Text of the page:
Scammers look for any way they can to convince you to do what they want. One of their tactics is to tell you you've won a prize, hoping that your excitement will overshadow your common sense. Don't fall for it! Remember, if you have to pay anything in time or money, it's not a real prize. Here are just a few examples of what you might be asked to do to claim your "prize."
- Pay a fee
- Wire money
- Deposit a check sent to you
- Attend a sales meeting
- Speak with a "representative" on the phone
In order to win a contest, you must have entered. So if the source of the prize doesn't sound familiar to you, that's another red flag. There are rules that must be followed for real contests. For example, it's illegal to ask you to pay or buy something to enter or increase your odds of winning. Additionally, contest operators are required to tell you the odds of winning, the value of the prizes, the cost to enter (which should be free), and other terms and conditions.
Steer clear of "contest operators" that don't follow the rules and, if you're not sure, do an online search for the name of the operator plus the word "scam."
Given how many people order from Amazon, it's no surprise that scammers are using the company as a disguise to get into your inbox. These emails pose as messages from Amazon about orders you may have placed or canceled, but are actually bait to lure you into giving away personal information or allowing malware to be installed on your computer.
Here's how it works: You receive an email that looks like it's from Amazon. It mentions a phony order you've placed or canceled, and requests that you click on a link to verify payment or other types of information.
If you receive such a message, don't click!
These emails include numerous elements to make them look like they're really from Amazon including the Amazon logo, a shipping confirmation number, itemized invoice, and estimated delivery date. However, you can learn to spot these fakes since they will also often include:
Question: Facebook told me my data wasn't shared with Cambridge Analytica, which is a relief. But now I'm spooked. What's to keep other bad actors from collecting it, and how do I prevent that from happening?
Answer: As has always been the case with keeping your data private on Facebook, the key lies in the application's settings. If you choose to continue using Facebook, take the following precautions to keep your data safe.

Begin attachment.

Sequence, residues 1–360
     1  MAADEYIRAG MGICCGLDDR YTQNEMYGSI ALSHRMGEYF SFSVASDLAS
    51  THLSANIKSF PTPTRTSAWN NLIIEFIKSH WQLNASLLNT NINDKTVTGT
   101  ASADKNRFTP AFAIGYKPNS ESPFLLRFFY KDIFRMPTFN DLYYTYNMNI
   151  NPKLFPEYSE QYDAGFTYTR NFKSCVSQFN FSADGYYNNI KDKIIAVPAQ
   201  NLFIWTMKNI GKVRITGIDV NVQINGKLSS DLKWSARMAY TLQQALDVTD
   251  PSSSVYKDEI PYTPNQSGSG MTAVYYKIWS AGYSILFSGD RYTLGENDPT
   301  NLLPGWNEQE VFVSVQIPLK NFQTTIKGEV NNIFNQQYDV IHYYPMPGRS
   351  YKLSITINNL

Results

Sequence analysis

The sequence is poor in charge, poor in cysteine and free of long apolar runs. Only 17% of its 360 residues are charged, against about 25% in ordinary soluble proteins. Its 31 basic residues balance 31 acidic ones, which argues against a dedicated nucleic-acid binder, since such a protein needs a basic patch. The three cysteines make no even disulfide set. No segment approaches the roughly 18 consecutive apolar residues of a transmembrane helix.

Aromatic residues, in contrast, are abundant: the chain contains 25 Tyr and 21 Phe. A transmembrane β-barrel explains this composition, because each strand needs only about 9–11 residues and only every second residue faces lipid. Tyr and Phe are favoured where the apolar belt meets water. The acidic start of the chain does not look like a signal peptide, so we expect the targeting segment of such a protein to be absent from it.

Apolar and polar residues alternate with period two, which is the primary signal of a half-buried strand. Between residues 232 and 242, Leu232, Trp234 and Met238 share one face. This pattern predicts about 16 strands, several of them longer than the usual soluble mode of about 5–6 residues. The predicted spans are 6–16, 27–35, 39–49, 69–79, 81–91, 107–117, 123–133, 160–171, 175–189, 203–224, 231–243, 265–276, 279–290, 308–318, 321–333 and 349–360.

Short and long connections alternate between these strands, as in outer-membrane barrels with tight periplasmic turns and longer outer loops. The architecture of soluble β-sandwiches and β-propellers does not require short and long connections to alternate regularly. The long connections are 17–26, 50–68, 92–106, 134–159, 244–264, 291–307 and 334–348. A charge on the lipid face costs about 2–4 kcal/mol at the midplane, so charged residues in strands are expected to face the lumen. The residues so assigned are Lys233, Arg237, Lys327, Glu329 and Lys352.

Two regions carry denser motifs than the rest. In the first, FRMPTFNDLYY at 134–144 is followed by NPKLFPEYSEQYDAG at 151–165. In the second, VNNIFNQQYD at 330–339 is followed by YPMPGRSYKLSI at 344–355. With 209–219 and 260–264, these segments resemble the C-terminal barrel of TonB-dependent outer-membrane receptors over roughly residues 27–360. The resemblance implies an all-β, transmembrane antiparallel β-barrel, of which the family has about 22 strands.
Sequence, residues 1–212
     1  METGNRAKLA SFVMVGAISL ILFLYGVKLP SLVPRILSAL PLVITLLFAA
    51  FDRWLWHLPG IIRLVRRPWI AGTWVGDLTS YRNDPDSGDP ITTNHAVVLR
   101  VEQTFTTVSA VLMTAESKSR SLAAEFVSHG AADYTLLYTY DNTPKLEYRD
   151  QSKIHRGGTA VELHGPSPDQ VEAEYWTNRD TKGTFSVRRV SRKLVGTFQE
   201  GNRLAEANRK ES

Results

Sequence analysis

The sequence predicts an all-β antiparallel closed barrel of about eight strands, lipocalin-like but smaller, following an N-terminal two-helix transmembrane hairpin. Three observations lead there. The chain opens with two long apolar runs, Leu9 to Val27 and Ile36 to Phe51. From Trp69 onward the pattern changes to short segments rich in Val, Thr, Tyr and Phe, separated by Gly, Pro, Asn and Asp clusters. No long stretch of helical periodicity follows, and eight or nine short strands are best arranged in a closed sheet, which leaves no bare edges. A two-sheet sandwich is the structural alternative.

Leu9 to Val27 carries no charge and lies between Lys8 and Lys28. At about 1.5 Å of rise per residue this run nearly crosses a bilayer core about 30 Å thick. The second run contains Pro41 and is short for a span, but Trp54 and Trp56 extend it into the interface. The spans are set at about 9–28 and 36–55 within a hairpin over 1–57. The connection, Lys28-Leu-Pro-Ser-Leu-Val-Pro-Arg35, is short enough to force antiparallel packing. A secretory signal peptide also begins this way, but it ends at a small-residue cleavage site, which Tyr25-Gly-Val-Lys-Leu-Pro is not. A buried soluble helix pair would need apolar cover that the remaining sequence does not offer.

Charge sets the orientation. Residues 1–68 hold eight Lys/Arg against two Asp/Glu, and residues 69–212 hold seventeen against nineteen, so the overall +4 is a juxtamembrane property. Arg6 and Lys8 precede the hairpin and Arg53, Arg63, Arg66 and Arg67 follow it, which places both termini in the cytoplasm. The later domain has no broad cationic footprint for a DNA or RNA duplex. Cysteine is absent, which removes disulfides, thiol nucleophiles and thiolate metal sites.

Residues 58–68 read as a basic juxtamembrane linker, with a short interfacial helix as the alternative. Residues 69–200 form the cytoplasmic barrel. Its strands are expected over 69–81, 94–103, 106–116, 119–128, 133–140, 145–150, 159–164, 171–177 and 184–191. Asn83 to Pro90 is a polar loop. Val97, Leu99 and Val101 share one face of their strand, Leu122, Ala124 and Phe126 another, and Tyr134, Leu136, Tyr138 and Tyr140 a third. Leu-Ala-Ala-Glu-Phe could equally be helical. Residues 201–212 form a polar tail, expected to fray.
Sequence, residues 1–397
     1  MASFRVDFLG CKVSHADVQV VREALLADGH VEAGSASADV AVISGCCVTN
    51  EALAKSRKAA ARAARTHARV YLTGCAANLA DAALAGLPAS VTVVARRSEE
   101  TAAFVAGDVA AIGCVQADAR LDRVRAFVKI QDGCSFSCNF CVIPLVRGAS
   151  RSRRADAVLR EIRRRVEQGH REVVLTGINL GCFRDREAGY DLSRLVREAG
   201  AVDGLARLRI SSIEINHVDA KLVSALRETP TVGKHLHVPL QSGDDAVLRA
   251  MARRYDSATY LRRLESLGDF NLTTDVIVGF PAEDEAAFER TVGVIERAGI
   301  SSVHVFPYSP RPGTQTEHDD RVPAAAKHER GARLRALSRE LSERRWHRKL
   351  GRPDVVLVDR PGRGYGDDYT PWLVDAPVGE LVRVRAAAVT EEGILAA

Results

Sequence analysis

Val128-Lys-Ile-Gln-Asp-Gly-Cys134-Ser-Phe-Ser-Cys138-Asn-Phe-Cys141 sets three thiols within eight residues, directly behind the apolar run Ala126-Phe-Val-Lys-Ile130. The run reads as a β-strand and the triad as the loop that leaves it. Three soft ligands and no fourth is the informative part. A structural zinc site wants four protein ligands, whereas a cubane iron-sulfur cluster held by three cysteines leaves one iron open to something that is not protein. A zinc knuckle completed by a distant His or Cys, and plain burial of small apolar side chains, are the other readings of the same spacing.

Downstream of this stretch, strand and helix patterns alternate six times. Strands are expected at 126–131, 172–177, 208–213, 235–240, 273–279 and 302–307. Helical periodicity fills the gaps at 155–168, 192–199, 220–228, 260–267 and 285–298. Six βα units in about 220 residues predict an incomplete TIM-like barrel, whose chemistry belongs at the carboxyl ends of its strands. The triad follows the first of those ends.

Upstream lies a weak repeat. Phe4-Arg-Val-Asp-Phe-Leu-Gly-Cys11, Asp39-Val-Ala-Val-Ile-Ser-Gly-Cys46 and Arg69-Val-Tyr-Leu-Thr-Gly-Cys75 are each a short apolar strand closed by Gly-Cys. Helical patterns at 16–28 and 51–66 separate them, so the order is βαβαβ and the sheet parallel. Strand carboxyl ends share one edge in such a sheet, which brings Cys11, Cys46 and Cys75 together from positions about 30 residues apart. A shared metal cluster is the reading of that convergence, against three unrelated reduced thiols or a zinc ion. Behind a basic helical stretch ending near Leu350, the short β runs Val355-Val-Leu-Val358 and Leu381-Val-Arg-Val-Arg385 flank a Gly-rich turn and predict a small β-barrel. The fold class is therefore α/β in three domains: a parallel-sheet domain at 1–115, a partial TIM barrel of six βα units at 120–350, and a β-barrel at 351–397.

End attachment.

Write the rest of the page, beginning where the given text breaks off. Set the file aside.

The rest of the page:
Here's another scam to watch out for, this one supposedly from a company you might know and trust. Say you had a tech issue a couple of months ago and used tech support services to resolve it. Now someone claiming to be from that service provider calls you to ask if you were satisfied with the service. If you say "No," the scammer asks for your banking or credit card information to issue a "refund." (If you say "Yes," they might claim they're issuing refunds because they're going out of business.) But, instead of putting money into your account, they take it out.
How do you avoid this type of scam?
Scammers send emails that look like they're trying to help you because they know you're more likely to click a link within them if you think you're protecting yourself. But, beware! In particular, watch for emails that look like they're coming from large tech companies you likely do business with. The emails say something like, "See the attached invoice for your recent purchase. If you did not authorize this purchase, click on the link below."
Just like other phony emails, this one is designed to get you to click on a link that takes you to a copycat website where you're asked to provide personal information that can be used for identity theft. Or it executes a program that gives scammers access to your computer, where they then install ransomware that prevents you from accessing your own files.